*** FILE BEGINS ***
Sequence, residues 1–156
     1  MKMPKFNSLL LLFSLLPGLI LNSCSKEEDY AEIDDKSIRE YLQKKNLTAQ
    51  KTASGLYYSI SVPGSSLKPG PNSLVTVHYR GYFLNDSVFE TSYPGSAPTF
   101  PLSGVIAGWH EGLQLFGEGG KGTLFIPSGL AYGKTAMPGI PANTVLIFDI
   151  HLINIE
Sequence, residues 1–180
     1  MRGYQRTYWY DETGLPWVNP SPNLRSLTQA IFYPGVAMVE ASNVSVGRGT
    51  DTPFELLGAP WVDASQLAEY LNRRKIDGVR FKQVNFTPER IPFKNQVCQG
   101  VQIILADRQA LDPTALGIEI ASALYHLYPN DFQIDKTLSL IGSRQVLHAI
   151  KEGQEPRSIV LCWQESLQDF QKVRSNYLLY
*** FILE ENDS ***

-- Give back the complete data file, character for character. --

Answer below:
Sequence, residues 1–156
     1  MKMPKFNSLL LLFSLLPGLI LNSCSKEEDY AEIDDKSIRE YLQKKNLTAQ
    51  KTASGLYYSI SVPGSSLKPG PNSLVTVHYR GYFLNDSVFE TSYPGSAPTF
   101  PLSGVIAGWH EGLQLFGEGG KGTLFIPSGL AYGKTAMPGI PANTVLIFDI
   151  HLINIE
Sequence, residues 1–180
     1  MRGYQRTYWY DETGLPWVNP SPNLRSLTQA IFYPGVAMVE ASNVSVGRGT
    51  DTPFELLGAP WVDASQLAEY LNRRKIDGVR FKQVNFTPER IPFKNQVCQG
   101  VQIILADRQA LDPTALGIEI ASALYHLYPN DFQIDKTLSL IGSRQVLHAI
   151  KEGQEPRSIV LCWQESLQDF QKVRSNYLLY